With more people frequenting social media networks, using password-protected online services, and moving to paperless bill statements, the issue of what to do with someone's digital life after death has increased in recent years, law professionals here say.
Stephanie Taylor, a principal at Spokane-based Randall|Danskin PS, says although the subject is gaining momentum, it remains a relatively new and confusing topic.
"It's more and more of an issue, and more of a dialogue we have with our clients," says Taylor, who also is chairwoman of the program committee for the Spokane Estate Planning Council, an organization comprised of financial planners, attorneys, and accountants, among others.
Lynn St. Louis, principal at Lynn St. Louis Law Office PLLC, says the handling of digital assets is a developing area of law, and executors and family members need to be concerned with not only passwords and other encryption, but also privacy laws.
"It's growing, and all the digital technology is becoming part of our lives," St. Louis says.
Rial Moulton, principal of Moulton Law Office PS, of Spokane, says the best thing people can do to make the process easier is to keep an updated document with all online account information.
"The best way by far is to go to every Internet account you have, and write down every login and password," Moulton says. "Write down the security questions so the executor has access to those things."
Particularly with the prevalence of paying bills online, it can be difficult for some executors to figure out what bills are outstanding if the deceased no longer receives paper statements in the mail, he says.
"Five years ago, this wasn't really a real problem," Moulton says. "The baby boomers are getting older, and they're using digital accounts more and more."
Although it's important to keep an updated document of some sort with all login information, Moulton warns that password information shouldn't be included in a will or probate, as both become public record upon death. Along with that, if someone changes their password and it's included in the will, then the document needs to be amended every time it's changed, he says.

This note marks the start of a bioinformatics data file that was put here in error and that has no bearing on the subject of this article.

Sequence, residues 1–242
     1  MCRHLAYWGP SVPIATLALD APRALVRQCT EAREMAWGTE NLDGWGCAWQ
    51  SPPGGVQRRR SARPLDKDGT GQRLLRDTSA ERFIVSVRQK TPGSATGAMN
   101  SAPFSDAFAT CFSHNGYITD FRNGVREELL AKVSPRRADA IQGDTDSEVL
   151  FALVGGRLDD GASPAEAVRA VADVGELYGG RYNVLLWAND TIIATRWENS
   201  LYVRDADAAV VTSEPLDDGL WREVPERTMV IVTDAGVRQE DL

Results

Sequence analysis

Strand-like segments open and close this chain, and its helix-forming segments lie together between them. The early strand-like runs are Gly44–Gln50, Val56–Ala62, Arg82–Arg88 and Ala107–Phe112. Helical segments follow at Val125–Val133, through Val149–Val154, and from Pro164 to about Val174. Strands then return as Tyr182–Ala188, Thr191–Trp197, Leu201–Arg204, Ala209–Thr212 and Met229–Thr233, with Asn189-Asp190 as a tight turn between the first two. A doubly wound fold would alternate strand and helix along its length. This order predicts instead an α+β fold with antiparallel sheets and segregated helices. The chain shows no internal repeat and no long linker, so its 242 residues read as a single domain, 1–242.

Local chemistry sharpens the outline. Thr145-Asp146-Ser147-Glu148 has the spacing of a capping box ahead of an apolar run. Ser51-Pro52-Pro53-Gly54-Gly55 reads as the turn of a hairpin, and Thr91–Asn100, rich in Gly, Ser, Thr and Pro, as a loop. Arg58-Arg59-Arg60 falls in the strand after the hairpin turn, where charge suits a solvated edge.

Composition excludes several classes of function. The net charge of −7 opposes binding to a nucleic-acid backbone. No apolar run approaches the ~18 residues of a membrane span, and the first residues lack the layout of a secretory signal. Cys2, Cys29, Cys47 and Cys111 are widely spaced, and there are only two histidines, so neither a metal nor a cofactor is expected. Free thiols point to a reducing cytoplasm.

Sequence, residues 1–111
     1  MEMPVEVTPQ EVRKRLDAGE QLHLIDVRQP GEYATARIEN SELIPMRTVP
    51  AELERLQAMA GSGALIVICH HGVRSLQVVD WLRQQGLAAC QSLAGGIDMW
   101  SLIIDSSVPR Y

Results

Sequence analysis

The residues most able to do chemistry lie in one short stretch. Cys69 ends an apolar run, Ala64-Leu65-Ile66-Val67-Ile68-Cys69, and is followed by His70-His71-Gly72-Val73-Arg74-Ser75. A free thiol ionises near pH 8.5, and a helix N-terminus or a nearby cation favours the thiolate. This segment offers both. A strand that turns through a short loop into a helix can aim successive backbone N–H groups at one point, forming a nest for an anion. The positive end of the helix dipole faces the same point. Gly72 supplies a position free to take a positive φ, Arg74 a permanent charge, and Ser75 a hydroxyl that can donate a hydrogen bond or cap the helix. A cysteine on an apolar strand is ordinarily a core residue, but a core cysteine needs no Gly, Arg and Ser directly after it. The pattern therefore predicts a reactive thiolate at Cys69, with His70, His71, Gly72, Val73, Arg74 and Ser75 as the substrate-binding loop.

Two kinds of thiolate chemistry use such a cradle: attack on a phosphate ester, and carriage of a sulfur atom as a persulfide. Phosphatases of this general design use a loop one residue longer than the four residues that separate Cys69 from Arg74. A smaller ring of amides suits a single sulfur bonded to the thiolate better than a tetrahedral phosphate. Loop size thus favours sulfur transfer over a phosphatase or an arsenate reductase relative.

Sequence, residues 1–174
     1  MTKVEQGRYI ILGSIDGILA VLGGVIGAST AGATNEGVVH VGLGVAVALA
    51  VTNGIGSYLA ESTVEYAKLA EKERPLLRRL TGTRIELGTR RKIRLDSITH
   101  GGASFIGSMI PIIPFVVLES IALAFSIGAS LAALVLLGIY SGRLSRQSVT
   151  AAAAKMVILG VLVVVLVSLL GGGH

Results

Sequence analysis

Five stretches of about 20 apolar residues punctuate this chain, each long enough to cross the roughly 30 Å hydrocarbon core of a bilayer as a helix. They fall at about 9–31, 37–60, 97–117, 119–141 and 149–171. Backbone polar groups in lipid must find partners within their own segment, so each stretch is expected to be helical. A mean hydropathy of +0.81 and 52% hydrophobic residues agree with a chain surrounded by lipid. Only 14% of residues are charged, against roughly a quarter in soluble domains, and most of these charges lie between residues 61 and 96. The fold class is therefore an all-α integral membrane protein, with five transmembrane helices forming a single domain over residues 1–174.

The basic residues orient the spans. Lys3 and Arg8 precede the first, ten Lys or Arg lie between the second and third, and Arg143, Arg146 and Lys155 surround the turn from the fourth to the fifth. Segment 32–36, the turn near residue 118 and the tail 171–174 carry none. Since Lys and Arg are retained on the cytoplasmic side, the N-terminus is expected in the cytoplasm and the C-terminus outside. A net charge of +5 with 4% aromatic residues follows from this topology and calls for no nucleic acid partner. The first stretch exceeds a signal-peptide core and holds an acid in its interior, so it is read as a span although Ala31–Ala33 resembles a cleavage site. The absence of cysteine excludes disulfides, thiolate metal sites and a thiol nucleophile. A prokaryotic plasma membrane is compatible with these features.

Facebook, the popular social networking site founded in 2004, claimed to have more than 1 billion monthly active users as of March 2013, a 23 percent increase from a year earlier.
As per Facebook policy, accounts can be handled in one of two ways when someone dies: either deleting the account and all content on it, or memorializing the account.
According to the Facebook site, to remove the account, a family member can submit a request to the company that includes the birth and death certificate of the deceased person and proof of power over the estate. However, if family representatives wish to have access to the contents of the account, such as photos and messages, they would have to submit a court order.
Memorializing an account in essence involves sealing the account, meaning no one can log into the account, and no new friends can be accepted, the website says. However, friends can still send private messages and post on the account's timeline. Both friends and family can request a timeline to be memorialized.